Court Issues Injunction Against Wikileaks.org
A federal court on Friday issued an injunction (pdf) disabling the internet domain name of Wikileaks.org, the anti-censorship web site devoted to publication of leaks and other unauthorized disclosures of information.
The move followed a complaint by Bank Julius Baer, a Swiss bank, that Wikileaks had published confidential bank records that are protected by law. The offending documents were itemized in a temporary restraining order (pdf) also issued by the court on February 15.
Those documents are whistleblower records that reveal “trust structures allegedly used for tax evasion, asset hiding and money laundering by the ultra rich,” according to Wikileak’s Julian Assange, who protested what he said was an “unconstitutional” blockage of the wikileaks domain name.
Wikileaks is intended to provide “an uncensorable system for untraceable mass document leaking and public analysis,” according to the web site, and its often controversial contents have been mirrored by dozens of other sites around the world, which remain operational.
“Anti-censorship servers operating in foreign jurisdictions have kicked in successfully,” wrote Mr. Assange after the court issued its order, “but ‘wikileaks.org’ has been forcibly deleted from the domain name system.”
Judge Jeffrey S. White of the Northern District of California scheduled a hearing on the matter for February 29.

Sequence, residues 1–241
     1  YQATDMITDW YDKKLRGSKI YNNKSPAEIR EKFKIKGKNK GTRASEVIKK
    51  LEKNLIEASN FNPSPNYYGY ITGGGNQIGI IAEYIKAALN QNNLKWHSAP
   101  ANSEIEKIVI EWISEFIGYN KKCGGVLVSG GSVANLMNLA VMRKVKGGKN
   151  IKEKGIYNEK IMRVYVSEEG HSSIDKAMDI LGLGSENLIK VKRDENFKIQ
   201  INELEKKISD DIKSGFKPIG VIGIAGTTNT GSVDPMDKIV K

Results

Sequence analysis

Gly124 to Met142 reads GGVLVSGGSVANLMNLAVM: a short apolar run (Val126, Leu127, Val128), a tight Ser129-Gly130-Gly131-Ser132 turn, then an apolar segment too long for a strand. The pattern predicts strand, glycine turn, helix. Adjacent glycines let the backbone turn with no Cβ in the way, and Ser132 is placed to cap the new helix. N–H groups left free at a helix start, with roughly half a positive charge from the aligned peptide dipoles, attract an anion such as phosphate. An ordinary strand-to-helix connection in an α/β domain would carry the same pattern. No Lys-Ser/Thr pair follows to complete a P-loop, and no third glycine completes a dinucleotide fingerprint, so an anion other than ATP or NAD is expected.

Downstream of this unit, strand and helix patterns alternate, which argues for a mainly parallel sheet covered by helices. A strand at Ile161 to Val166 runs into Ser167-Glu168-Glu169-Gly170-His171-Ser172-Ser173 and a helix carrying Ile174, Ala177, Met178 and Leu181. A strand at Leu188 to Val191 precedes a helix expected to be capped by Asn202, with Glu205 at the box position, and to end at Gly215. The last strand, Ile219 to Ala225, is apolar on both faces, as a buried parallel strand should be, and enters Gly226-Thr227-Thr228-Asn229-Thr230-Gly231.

It is too early to say who has won or lost more in this confrontation. Wikileaks has demonstrated the willingness and the ability to sustain a robust publication capability in defiance of legal authority, though it may have lost its domain name for the foreseeable future. Bank Julius Baer, whom most people would have never heard of, will now be permanently linked in many minds with vague allegations of financial misconduct.
But the disclosure restrictions that wikileaks managed to defeat were not exactly those of a tyrannical government bent on censorship. They were banking secrecy laws that protect ordinary people as well as corporate malefactors. And by providing the occasion for the court’s extraordinary action, Wikileaks has helped set an unfortunate precedent that may make the next court injunction against a public web site that much easier to obtain.
Additional details on the case are available from cryptome.org and wikileak.org (without the “s”). See also the stories at TPM Muckraker, Discourse.net, and Wired Threat Level, among others.
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